The 1955 lynching of 14-year-old Emmett Till and the subsequent acquittal of his unrepentant white killers was an event that had swift as well as lasting repercussions. It immediately catalyzed the wider movement for civil rights in America, and for years afterwards artists sought to capture its tragic injustice in one work after another.
In the same year Till was kidnapped, mutilated and murdered for allegedly making what was described as a "wolf whistle" at a white woman, Langston Hughes published a poem that would later be titled "Mississippi — 1955." Around 1962, Bob Dylan wrote a folk song recounting the racially motivated murder and the subsequent trial. To those who refused to speak out against the crime, he sang, "Your eyes are filled with dead men's dirt, your mind is filled with dust." A little over two decades afterwards, Toni Morrison premiered Dreaming Emmett, her first-ever play, which examined contemporary social and racial injustices through Till's eyes.
For writer and actor Mike Wiley, who later took up Emmett Till's story in his own play, the inspiration came from an unlikely source.
"I wish that I could tell you that it was some deep, fiery muse that turned me toward the story of Emmett Till," he says.
Instead, his path started with Kanye West.
"It was in the early 2000s when Kanye was really making great music, and he put out a song where he samples [Chaka Khan's] 'Through the Fire.' Within the lyrics, he compares himself after a car accident to Emmett Till. He says that his face looks like Emmett Till's. And it honestly angered me. Anyone looking at that poor little boy's body and face would know that there is little chance of recognizing him as a human being."
Wiley recalled his grandmother showing him that gruesome photograph as a "cautionary tale" and felt that West's self-martyring comparison "sullied the memory of these tragic individuals by putting them in a flippant context."
And so, "out of a desire to not let [Till's] story not only die but be mangled and turned into a different narrative," he channeled that anger and indignation into a one-man play called Dar He.
The title comes from a sentence that was supposedly uttered by Till's uncle, Mose Wright, as he stood to identify one of the boy's killers in court. Though only two words long, it speaks volumes about the prejudices and institutionalized racism of the era. For Wright to rise and single out a white man was an act of almost unprecedented defiance in the American South, yet there were accusations that newspapers twisted his actual words — "There he is" — in an attempt to make him sound less intelligent.
Wright was for a long time a "forgotten tragic player in this story," Wiley says.
"After testifying against these men, he immediately had to leave Mississippi. Whatever life he had in Mississippi was done because he would have been killed had he stayed. He left his farm and his community to be an elevator operator in Chicago. The following year, he came back to harvest his crops, and because he knew that he would be killed, he slept in his fields at night and he could hear his house being shot up."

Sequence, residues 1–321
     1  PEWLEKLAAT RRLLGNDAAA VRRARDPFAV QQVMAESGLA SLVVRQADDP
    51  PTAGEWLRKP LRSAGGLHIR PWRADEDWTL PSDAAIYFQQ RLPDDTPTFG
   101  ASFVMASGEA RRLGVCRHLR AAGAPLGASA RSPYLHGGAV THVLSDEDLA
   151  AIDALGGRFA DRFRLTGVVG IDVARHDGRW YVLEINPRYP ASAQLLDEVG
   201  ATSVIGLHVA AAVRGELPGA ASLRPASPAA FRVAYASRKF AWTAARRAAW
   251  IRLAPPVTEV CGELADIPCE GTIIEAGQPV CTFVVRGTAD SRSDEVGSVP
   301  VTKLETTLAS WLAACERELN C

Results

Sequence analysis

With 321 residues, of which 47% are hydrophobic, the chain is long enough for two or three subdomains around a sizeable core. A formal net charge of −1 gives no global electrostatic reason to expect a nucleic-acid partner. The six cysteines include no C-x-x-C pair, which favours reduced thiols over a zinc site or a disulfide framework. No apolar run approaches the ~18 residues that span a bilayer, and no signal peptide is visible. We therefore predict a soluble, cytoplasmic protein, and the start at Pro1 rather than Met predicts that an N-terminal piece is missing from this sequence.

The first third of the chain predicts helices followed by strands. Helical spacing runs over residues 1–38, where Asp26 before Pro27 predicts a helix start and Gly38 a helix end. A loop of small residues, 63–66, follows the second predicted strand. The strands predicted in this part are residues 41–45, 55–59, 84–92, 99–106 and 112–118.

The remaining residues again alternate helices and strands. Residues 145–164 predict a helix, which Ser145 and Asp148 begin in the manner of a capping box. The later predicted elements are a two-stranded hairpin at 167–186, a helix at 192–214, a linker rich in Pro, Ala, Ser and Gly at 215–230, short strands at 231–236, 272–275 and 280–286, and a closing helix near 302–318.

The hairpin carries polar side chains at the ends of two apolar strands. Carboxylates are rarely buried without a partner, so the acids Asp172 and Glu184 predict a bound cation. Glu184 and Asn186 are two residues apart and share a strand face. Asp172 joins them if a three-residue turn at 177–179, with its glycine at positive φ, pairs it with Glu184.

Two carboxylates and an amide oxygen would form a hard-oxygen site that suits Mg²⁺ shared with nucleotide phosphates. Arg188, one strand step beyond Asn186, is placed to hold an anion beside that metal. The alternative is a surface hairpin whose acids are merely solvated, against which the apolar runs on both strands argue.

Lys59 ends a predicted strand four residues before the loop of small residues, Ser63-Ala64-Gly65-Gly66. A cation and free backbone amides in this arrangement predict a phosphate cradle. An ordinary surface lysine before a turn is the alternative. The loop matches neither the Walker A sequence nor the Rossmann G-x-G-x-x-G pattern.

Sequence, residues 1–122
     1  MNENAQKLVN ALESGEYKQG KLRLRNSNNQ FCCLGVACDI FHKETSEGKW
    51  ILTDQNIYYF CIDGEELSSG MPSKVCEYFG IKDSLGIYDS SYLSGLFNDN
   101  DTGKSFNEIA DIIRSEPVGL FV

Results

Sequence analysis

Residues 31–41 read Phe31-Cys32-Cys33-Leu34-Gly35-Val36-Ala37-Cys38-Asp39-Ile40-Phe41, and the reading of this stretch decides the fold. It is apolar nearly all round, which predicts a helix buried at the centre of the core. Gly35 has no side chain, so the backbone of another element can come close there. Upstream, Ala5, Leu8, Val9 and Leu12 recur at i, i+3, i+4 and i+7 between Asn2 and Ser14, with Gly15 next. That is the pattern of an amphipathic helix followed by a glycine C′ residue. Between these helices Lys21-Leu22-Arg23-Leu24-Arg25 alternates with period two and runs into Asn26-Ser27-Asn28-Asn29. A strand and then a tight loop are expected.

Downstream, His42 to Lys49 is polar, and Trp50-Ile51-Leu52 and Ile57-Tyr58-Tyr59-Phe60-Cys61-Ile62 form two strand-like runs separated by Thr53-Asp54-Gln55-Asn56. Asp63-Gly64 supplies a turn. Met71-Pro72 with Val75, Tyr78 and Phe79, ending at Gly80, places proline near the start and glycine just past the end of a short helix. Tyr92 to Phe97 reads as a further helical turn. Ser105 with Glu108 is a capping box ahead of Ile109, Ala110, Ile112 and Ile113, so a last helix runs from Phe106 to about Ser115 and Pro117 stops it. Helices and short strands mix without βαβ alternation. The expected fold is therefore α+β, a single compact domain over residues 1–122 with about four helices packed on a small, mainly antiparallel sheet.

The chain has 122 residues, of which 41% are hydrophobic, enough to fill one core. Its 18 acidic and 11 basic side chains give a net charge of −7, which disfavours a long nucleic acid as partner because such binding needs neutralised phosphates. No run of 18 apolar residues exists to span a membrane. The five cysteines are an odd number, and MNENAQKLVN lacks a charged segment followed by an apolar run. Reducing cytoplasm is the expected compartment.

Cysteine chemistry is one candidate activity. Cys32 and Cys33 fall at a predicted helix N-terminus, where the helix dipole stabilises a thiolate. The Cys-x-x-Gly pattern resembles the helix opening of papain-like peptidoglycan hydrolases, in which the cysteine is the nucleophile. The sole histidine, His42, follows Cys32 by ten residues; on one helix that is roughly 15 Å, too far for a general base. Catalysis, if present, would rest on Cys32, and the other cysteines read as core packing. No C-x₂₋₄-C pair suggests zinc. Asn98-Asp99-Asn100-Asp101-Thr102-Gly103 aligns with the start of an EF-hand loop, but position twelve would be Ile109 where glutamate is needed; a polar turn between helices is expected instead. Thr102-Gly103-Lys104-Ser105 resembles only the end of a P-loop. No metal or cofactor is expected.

To perform the play, Wiley alone adopts 36 different roles. That's certainly a challenge for him as an actor, and in less experienced hands, it might also be one for the audience. But Wiley also worked distinct clues into the writing, establishing characters through dialogue that conveys their age and other important traits.
"Ninety-nine percent of the time people stick with me and have no issues understanding. I have kind of a nonverbal agreement with the audience that I'm not going to lose them," he says.
"Now, it's a handful of main characters, say six or seven, and the rest are people that pop in and out — a waitress, a bartender, a townsperson, a cousin. You'll know those folks are completely different because they're a different voice and a posture and even where I stand onstage."
Today, more than six decades after Till's body was pulled from the Tallahatchie River, Wiley continues to perform Dar He for audiences of all ages across the country, and with as much urgency as ever. There was a time when he might have worried about the piece's emotional intensity fading, but that has changed along with the political climate.
"Living in 2019, there is no worry about that at all," he says. "I live in a progressive small town in North Carolina, and yet some guys erected a Confederate flag across the street from my son's middle school yesterday. I live in the bluest little town in the state, and yet for the third weekend in a row, we're having to stand out on the street and counter-protest the Klan, who are protesting the removal of a Confederate statue."
What spurs him on aren't these retrograde events but the glimmers of hope amid them. Like the tearful elderly woman who quietly waited to hug him after a recent performance.
"I hugged her right back," says Wiley. "Because what I see in that is that it's never too late to move somebody to action." ♦
Dar He: The Story of Emmett Till • Thu, Oct. 17 at 7:30 pm • $25 • Myrtle Woldson Performing Arts Center • 211 E. DeSmet Ave. • gonzaga.edu/myrtle-woldson-performing-arts-center • 313-2787